Stability was the watchword near where oil came from, but at the same time we joined our Israeli allies, “the only democracy in the Middle East,” in jeering at all Arabs and Muslims as primitives incapable of governing themselves free of sheikhs. If an elected reformer, like Mohammad Mossadegh in Iran, did appear, we overthrew him, as an appetizer for killing Patrice Lumumba in Congo and Salvatore Allende in Chile, overthrowing Árbenz Guzmán in Guatemala, and so on. Blundering around in our sphere of influence, we’ve been anti-Jeffersonian except as a cover story, tolerating butcheries, oligarchies, and smothering self-determination.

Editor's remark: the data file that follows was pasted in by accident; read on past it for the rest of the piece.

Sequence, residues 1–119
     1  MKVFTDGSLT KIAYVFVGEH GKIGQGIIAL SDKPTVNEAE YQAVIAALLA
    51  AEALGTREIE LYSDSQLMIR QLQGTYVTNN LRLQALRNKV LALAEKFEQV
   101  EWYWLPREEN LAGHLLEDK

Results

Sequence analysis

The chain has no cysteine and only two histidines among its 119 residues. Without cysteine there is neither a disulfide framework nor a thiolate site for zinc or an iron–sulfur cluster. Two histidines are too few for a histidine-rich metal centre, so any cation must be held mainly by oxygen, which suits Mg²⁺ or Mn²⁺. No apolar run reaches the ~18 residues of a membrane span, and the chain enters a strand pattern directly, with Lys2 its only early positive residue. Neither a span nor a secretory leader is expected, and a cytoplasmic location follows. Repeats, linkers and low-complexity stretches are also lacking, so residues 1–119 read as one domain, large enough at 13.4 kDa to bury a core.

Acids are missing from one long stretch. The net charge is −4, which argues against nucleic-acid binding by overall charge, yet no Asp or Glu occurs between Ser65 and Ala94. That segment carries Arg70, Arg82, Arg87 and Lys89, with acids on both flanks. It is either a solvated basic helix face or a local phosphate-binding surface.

Did our postwar presidents—from Missouri, Kansas, Michigan, Arkansas, and Georgia, plus two Texans, two Californians, a Cape Codder, and Bush 41—elevated to a post of planetary significance, consummate achievements to write home about? They deflated the Soviet empire without escalating Korea or Vietnam to Armageddon and, mostly likable souls, kept the economy and domestic social programs pretty much afloat. However, we have reached the “first responder” and “homeland security” stage in foreign policy if landmarks fall. Like the figures prancing on the flickering walls of Plato’s cave, on-screen simulacra have elbowed aside our flesh-and-oxygenated relationships, when instantaneous, endlessly retrievable, selective electronic imaging is more fun than the bumpy, happenstance, windblown experiences real life holds. The dimensions of boredom and our tolerance for it are also strikingly different now that so many gizmos are at hand to divert us from mere rumination. We’ve long since forgotten that sauntering used to be a font of insight and intuition, allowing us to spot beauty or anomalies in ideas. Staring into a river or at a merry-go-round, gardening, or whatever floated your boat, as a slow-paced metaphor used to put it. Now we twitch amid the spinning news cycle, a loop of cherry-picked personal musical tidbits from all ages, e- and voicemail, twittered rants and afterthoughts, and archival movie snippets. Head cocked, eyes squinting just a little, we used to acquire information by thumbing books or wearing down shoe leather, out-of-doors occasionally in scenery better than a screen saver.